I remember as a teenager going to see the Ulster American Folk Park in County Tyrone. The typical stone-built whitewashed cottages on the Ulster side were nice enough, hunkered down against the weather with small windows.
Then you went through a mock-up of one of the emigrant ships and emerged in America. There it was all different, the houses were made out of wood. Small hut-sized cabins where often large families were raised. I remember clearly how they all felt so dry and warm, with a lovely resinous smell. They were usually raised off the ground so you walked up a couple of steps to go in and the wooden floors had a drum-like quality.
I think I have loved huts since that moment. And I am not alone. Wooden huts are just a recent manifestation of small buildings to dwell in. It used to be that everyone in Britain lived in huts, except for the select few who lived in larger lodges and castles.
Go back far enough and most dwellings were round, an efficient and strong shape to build from natural materials. Over time, the homes became rectangular, built mainly of stone, or of turves in the case of the summer shielings. Why not wood as in America? Well, the straight-stemmed pine was a limited resource and the technology did not exist in the distant past to saw and cleave timber. Then, when it did, people just carried on building out of stone, which they were familiar with.
Our ancestors lived in huts whether built of stone, turf or timber. So when we get the chance to go back to living in a hut, one with a fire, it is very appealing, and strangely familiar. Part of the appeal is its smallness, a bit like a boat; you can’t have too much stuff so you bring the essentials. Even small houses today are really big by comparison and we fill them full of stuff: books to read, surfaces to clean, projects to finish, projects to start. Then add children or elderly parents into the mix. It can be quite overwhelming. Put the TV on, have a drink, check Facebook, distractions, distractions.
The great escape
Alternatively, get away to your hut. Arrive on a Friday evening and breath a big sigh of relief. Put the stove on, cook something simple, hear the sound of the wind in the leaves and the crackling logs. And relax. Return to the land of your ancestors but with free time on your hands. Next morning, make a coffee and throw open the door, let the sunshine in, sit on your chair outside, make a plan for the day ahead.
In a few years’ time, thanks to the achievements of Reforesting Scotland’s Thousand Huts campaign, hutters all over Scotland will be going through the same rite of passage from busy work lives to relaxed rural retreat, catching up with themselves for a weekend or a few days, emerging from their huts to sit in the sun or to shelter from the rain rattling on the roof, after a really good night’s sleep. The day will unfold. Hutters all over Scotland will join northern and eastern European hutters who have been enjoying their hytte, sommerhus, mokki or dacha for as long as they can remember. For them it is normal to leave the city most weekends and travel, not too far, to their weekend huts to indulge their interests and lead a simple life, returning ready for the challenges of the work week ahead.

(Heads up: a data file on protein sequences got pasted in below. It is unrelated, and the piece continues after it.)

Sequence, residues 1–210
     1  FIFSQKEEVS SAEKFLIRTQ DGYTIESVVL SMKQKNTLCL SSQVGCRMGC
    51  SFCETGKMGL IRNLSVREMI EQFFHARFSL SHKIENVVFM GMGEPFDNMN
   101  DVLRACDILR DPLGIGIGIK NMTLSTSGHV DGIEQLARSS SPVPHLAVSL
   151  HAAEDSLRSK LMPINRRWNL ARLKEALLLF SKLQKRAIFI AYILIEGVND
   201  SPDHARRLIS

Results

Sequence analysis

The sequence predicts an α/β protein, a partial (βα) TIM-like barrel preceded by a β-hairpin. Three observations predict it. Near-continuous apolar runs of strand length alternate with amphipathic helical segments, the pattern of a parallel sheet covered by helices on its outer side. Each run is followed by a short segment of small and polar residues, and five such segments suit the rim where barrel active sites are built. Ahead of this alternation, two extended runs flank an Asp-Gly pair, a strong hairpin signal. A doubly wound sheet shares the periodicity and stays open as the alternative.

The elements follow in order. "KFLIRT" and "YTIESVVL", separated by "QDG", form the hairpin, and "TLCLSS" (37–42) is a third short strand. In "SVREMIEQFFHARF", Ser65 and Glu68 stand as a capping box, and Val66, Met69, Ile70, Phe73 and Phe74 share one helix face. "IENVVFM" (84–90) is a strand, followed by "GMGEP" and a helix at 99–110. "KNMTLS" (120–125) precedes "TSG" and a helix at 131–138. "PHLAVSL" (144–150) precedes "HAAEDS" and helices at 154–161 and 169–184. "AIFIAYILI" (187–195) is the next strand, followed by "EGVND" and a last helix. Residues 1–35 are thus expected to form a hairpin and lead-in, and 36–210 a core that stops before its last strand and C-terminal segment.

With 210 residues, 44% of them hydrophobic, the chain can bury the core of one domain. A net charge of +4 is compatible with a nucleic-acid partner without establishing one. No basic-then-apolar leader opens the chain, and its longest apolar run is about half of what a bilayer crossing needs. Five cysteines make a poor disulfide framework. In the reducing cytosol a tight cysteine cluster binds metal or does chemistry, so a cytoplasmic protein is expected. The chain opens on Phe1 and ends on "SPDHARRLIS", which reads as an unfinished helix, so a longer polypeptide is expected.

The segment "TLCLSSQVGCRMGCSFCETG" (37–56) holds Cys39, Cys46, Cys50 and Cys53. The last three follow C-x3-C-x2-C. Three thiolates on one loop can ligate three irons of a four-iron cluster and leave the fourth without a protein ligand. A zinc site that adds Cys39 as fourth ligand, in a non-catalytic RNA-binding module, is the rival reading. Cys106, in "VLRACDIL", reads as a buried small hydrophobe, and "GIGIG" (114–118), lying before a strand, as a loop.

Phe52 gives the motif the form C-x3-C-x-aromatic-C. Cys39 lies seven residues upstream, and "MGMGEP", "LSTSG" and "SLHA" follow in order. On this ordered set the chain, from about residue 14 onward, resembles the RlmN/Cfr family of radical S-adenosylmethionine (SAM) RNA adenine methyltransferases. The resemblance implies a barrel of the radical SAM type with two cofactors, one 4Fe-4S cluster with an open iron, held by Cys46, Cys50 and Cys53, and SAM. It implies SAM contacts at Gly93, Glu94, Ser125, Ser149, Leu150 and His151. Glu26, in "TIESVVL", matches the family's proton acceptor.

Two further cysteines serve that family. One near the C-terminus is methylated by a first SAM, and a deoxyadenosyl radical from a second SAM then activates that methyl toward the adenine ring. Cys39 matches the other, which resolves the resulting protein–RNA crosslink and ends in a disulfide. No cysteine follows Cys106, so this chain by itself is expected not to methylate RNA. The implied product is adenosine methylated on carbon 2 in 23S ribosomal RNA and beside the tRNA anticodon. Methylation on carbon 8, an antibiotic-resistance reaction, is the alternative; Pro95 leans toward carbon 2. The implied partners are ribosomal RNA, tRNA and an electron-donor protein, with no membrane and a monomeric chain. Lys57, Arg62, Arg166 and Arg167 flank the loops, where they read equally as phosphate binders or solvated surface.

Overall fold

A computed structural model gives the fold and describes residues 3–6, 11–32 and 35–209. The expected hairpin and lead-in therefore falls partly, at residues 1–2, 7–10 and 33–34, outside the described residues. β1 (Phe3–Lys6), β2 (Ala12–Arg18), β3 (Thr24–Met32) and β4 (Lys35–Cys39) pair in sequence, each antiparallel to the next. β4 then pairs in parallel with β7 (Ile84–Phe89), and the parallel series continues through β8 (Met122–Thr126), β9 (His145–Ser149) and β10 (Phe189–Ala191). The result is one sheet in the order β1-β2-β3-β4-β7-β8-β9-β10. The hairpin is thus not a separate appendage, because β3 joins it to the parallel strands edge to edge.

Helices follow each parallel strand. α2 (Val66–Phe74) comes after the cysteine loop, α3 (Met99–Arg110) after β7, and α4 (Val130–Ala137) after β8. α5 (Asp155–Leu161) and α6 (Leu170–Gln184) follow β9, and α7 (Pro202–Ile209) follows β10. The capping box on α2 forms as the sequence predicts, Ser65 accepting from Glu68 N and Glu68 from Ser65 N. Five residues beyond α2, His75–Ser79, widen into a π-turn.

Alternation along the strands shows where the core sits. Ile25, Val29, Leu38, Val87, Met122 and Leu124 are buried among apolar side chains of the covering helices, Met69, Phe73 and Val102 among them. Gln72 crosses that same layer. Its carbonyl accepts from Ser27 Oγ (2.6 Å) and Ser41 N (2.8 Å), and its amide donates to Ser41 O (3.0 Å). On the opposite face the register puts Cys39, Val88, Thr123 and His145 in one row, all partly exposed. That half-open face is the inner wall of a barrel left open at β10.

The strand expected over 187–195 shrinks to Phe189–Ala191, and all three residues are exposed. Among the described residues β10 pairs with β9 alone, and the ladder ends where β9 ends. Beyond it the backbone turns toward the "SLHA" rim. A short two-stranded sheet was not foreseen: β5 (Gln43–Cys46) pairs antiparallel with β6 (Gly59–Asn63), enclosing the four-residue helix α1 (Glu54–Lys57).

In future there will be many more opportunities to find a site to rent or buy to build a hut on or to commission one of the many small hut building firms to build it for you to your design. The site will probably have planning permission already and planners will be well used to dealing with applications. There will likely be a few huts up already, wood smoke curling from the chimney. You or your builder will have a copy of Reforesting Scotland’s Good Practice Guide to Hut Construction, the bible when it comes to building a compliant hut. You will have already signed a contract with the owner of the ground and an agreement with the other hutters on the site. It is good for your peace of mind to know what will happen should things go wrong. Hutters are always prepared!
So, huts are about to start popping up all over the place, tucked away up farm tracks, on the edge of woodlands, deep within plantations, beside remote lochs, hidden in quiet glens where nobody has lived for generations. Clad in wood, surrounded by natural vegetation, the huts blend into the landscape; some cannot be seen until you are quite close. Couples are going to long walks or chopping wood, children are climbing trees and playing make-believe games, authors are writing their best-sellers, poets are music, musicians are composing, painters are capturing the landscape. The smell of onions frying is in the air. In the evening there is a light in every window. There are people living in the glen again.
This article was first published as a personal view in Reforesting Scotland Journal
More information on A Thousand Huts HERE
Images by Ray Perman